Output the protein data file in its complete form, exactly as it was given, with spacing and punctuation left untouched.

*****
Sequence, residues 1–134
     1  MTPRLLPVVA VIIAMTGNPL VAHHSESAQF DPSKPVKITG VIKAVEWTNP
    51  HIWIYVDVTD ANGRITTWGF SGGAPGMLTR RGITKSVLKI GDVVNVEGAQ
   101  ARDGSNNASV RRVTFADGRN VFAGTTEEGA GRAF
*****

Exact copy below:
Sequence, residues 1–134
     1  MTPRLLPVVA VIIAMTGNPL VAHHSESAQF DPSKPVKITG VIKAVEWTNP
    51  HIWIYVDVTD ANGRITTWGF SGGAPGMLTR RGITKSVLKI GDVVNVEGAQ
   101  ARDGSNNASV RRVTFADGRN VFAGTTEEGA GRAF